All things considered I haven’t seen an elephant nearby in a long time. Proof that my elephant repellant works!

  29. 29
    Suido

    Let’s not forget that custard is a non-newtonian fluid, so it’s obvious that elephants’ large, flat feet (as noted by other esteemed commenters) are an adaptation to allow for traversing the vast custard flats of the Miocene epoch.

    When danger threatened, they stopped moving and sank out of sight. Being accustomed to travelling with feet in contact with the surface of the custard, they could then continue their movement upside down, soles of the feet activating the non-newtonian properties of the custard from below, and allowing them to walk rather than swim. Inevitably, this lead to elephants painting their soles yellow, as noted in the OP. Truly a remarkable animal.

  30. 30
    Henry Gee

    Encouraged by this response to what the esteemed Dr Myers calls a ‘powerful new theory’, as well as all the wonderful, imaginative and thoroughly unfalsifiable ideas in the comments, I shall now organise a two-day conference in London entitled ‘Elephants: Evolution In Custard’. I shall invite PZ to give the keynote, plenary lecture, and the rest of you to present your ideas from the platform, replete with serious-sounding titles and Powerpoint slides (those who want to make elephant jokes will each get a poster.) I shall invite the world’s press, especially the Guardian, to write up the proceedings. I shall then pretend to be very hurt by comments made therein by the disbelieving public, responding with much self-righteous tutting and notes of the none-who-are-so-blind-as-who-will-not-see variety. That’s how science works, right?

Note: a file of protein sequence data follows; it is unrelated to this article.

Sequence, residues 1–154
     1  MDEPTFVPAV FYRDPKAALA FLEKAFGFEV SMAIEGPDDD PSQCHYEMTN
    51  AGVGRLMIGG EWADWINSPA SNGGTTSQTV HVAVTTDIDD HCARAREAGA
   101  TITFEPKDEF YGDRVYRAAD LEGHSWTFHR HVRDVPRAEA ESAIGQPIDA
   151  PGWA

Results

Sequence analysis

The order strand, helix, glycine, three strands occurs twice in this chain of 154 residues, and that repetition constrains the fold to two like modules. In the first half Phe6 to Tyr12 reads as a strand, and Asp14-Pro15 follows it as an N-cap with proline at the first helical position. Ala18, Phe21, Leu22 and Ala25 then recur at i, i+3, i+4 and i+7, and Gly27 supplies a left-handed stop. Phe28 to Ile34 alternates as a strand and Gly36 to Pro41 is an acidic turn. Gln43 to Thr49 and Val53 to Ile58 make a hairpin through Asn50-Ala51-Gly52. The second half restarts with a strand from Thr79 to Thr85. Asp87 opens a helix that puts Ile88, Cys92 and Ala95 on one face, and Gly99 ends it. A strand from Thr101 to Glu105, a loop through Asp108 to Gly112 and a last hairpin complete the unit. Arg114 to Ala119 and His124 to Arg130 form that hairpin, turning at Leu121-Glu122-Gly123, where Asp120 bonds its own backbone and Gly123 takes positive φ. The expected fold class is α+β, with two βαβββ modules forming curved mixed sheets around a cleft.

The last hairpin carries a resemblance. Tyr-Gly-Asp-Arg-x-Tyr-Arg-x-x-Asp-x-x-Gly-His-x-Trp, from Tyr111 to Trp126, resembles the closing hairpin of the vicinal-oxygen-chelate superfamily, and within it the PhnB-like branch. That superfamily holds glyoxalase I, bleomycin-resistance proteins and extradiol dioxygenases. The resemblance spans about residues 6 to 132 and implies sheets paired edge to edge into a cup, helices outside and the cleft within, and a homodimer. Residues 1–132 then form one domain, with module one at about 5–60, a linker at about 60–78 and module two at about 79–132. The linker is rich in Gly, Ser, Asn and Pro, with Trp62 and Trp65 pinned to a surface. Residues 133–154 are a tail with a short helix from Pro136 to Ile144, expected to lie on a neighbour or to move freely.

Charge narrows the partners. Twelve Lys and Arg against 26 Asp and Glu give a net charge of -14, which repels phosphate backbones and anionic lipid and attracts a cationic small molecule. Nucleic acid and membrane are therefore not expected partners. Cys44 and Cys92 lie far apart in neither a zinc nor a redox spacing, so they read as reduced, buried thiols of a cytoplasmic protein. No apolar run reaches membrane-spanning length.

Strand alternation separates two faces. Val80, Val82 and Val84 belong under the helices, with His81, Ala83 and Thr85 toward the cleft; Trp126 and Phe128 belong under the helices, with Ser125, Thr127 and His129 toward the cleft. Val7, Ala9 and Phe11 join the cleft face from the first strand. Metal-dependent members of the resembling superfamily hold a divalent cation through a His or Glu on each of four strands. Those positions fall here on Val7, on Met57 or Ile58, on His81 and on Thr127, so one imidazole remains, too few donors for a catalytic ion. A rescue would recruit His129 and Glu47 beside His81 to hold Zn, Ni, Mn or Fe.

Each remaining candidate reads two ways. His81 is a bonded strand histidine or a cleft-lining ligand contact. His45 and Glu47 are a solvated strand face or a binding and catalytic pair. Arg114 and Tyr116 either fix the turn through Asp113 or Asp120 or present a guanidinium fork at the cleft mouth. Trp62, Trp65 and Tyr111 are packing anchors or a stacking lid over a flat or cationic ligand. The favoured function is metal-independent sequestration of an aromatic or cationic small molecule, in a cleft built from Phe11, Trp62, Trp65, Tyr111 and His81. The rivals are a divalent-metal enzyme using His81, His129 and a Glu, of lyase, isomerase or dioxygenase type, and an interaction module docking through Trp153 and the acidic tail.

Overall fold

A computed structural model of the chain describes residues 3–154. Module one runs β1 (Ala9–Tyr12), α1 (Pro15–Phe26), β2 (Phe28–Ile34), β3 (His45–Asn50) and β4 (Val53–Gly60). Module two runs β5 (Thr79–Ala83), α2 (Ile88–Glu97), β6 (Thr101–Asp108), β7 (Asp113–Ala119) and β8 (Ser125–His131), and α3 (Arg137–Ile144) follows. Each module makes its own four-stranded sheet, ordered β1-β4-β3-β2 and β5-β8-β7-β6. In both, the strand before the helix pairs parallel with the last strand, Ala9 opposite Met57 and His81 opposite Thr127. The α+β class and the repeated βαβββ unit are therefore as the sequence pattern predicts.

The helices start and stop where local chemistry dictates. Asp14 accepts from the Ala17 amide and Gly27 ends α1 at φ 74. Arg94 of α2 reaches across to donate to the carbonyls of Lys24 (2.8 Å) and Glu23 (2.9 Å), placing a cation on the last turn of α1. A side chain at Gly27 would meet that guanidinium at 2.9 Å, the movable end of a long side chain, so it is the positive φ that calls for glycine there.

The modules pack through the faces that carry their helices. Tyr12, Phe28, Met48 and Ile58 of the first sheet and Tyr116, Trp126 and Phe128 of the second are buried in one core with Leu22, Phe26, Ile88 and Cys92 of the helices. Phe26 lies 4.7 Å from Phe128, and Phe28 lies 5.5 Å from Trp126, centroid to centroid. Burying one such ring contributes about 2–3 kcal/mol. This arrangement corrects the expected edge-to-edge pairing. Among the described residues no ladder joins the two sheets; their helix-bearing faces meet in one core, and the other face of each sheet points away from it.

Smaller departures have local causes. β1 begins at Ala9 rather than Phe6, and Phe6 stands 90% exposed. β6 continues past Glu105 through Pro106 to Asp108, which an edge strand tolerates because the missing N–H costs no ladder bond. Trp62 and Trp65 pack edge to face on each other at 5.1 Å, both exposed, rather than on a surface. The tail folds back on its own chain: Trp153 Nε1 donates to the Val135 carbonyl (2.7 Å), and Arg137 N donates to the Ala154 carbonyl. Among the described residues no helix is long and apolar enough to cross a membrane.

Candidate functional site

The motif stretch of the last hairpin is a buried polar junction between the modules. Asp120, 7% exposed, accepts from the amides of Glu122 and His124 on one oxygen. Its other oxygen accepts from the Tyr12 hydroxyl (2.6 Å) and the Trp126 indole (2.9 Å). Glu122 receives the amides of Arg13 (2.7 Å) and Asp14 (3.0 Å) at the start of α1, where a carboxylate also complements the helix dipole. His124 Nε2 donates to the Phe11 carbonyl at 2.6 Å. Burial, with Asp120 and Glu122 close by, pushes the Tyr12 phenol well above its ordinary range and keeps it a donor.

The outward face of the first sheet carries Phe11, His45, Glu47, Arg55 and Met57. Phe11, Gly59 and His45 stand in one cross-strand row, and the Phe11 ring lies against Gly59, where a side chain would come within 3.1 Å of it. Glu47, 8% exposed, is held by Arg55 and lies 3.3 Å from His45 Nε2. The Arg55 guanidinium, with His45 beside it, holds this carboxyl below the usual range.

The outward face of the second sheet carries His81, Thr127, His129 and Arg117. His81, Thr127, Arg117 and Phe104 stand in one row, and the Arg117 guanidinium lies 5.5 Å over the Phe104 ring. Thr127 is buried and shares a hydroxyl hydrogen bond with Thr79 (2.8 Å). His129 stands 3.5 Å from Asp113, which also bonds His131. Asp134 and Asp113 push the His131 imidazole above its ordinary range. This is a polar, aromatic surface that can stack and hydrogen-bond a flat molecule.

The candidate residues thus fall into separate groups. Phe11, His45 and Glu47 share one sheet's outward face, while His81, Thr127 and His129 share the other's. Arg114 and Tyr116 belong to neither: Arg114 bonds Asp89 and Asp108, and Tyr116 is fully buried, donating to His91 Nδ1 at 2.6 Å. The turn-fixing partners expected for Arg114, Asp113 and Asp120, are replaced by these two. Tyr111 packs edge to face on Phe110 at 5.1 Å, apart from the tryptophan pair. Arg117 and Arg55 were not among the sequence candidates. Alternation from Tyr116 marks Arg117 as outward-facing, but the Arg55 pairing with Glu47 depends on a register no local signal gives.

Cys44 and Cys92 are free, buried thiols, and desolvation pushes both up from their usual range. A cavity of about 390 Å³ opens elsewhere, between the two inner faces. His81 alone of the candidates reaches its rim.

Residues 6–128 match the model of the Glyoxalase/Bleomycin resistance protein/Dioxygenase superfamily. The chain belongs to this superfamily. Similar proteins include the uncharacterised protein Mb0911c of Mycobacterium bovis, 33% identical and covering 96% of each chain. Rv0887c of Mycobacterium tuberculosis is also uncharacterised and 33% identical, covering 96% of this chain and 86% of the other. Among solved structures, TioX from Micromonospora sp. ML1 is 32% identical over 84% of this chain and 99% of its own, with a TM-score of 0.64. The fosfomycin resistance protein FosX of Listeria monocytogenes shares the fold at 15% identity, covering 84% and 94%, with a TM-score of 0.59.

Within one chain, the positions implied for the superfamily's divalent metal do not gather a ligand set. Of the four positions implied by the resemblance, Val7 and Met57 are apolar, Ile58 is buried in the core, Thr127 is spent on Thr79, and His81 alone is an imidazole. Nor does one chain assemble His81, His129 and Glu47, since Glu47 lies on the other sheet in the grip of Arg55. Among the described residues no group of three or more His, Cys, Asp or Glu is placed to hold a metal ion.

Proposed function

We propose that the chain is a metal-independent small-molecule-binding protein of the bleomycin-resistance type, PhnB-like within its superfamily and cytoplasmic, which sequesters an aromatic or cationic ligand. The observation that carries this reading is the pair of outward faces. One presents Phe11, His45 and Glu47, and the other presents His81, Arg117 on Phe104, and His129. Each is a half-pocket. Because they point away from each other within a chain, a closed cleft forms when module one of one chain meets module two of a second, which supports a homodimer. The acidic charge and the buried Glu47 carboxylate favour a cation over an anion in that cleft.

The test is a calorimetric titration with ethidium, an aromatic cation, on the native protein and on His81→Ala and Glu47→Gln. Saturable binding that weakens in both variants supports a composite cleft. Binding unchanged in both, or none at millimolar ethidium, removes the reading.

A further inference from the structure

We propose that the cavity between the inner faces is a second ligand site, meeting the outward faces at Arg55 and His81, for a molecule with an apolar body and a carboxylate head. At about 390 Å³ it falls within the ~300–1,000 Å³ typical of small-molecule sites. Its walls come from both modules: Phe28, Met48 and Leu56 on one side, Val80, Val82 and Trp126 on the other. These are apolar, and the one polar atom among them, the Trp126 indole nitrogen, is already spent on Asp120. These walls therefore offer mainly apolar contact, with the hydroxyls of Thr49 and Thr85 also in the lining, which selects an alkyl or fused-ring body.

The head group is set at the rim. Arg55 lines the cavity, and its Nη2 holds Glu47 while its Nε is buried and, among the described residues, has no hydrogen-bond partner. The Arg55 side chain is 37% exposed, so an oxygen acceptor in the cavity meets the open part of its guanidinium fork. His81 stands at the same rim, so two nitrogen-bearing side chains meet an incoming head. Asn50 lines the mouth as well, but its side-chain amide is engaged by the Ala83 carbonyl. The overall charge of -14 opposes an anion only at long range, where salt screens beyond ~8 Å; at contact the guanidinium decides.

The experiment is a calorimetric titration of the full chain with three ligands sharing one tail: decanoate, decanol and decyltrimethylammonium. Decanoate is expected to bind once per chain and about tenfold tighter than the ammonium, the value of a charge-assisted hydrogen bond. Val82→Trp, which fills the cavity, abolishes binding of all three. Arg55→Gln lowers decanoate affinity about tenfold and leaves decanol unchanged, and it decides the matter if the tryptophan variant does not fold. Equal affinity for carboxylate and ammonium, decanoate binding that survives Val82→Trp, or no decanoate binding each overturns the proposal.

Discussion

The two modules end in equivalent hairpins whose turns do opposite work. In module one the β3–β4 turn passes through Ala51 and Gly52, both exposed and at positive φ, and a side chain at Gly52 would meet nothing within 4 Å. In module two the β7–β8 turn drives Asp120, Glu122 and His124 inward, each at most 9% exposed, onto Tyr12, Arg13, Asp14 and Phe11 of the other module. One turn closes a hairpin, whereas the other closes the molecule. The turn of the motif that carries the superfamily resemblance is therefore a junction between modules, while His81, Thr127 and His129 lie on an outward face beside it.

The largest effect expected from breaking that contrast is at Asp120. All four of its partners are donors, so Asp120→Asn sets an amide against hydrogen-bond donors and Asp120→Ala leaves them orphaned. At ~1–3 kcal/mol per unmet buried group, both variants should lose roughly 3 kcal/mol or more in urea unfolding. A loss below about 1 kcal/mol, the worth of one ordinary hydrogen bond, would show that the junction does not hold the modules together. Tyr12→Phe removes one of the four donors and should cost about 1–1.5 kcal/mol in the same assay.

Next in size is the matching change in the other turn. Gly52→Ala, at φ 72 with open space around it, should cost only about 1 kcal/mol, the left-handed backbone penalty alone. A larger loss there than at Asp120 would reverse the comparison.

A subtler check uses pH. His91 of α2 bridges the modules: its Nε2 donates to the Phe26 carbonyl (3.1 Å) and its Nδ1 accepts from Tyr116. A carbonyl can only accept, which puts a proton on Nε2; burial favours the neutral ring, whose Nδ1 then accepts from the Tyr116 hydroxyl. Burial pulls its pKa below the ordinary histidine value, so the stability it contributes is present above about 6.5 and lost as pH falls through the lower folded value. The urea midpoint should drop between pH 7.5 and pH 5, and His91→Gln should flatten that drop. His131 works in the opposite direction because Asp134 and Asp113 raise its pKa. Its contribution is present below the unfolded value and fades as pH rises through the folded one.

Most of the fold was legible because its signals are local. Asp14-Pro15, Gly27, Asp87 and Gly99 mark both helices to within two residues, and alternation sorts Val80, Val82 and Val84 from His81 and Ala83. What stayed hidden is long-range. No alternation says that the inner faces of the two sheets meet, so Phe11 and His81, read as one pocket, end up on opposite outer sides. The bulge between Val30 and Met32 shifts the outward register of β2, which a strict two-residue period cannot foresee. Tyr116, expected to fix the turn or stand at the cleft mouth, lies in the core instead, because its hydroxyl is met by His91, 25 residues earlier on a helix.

31. 31
    David Marjanović

    So everything I know about elephants is a lie?

    Exactly. They’ve been lying to you all your life. *sage nod*

    And what are the elephants hiding from?

    Xenosmilus, the cookie-cutter cat of Florida. Like all predators*, it can’t swim.

    * Source: any dinosaur book from before 1975 or so. The younger ones are all corrupted somehow.

  32. 32
    Thumper: Who Presents Boxes Which Are Not Opened

    @Gregory Greenwood #8

    Beware the custard-y wiles of the schismatic heretic – true believers recognise the beneficient beer fountain as the one true expression* of the FSM’s (may his noodly appendage be upon you) unlimited love for his chosen people, and it is in that holy fluid that the faithful among pachyderms float upside down, and in that holy fluid alone.

    … So the bottom of Elephant’s feet are actually white and fluffy, so as to effectively blend in to the delicious foamy head of the sacred fluid?

    Question: If blessed by Bobby Henderson, does beer become the Sacred Ragu of the Holy FSM (mhnabuy), or is it merely representative of it?

  33. 33
    Thumper: Who Presents Boxes Which Are Not Opened

    By the way, if you read the comments on the original article one commenter mentions a website called “No Answers in Genesis”. I am currently reading their selection of quotes from loving Christian hatemail (“Creationism is not the alternative to Evolution, ignorance is”) and it’s hilarious :)

  34. 34
    Dr Marcus Hill Ph.D. (arguing from his own authority)

    You can’t really swim in spotted dick, you’d have to burrow. That’s why you often see moles on a spotted dick.

  35. 35
    Sili

    What utter bollocks. Everyone knows that the natural habitat of elephants is strawberry patches.

    Yellow toenails would stand out like sore thumbs.

  36. 36
    SteveV

    Elmer
    Invalid argument.

  37. 37
    anthrosciguy

    The ignoring of custard as the key element in elephant evolution by paleontologists is a scandal of Piltdown proportions.

  38. 38
    eversbane

    Custard, being viscous and colloidal, requires great suction in order to snort it (why powdered coke is so much more popular). Thus the specific adaptations seen in elephants.

  39. 39
    Amphiox

    Custard, being viscous and colloidal, requires great suction in order to snort it (why powdered coke is so much more popular). Thus the specific adaptations seen in elephants.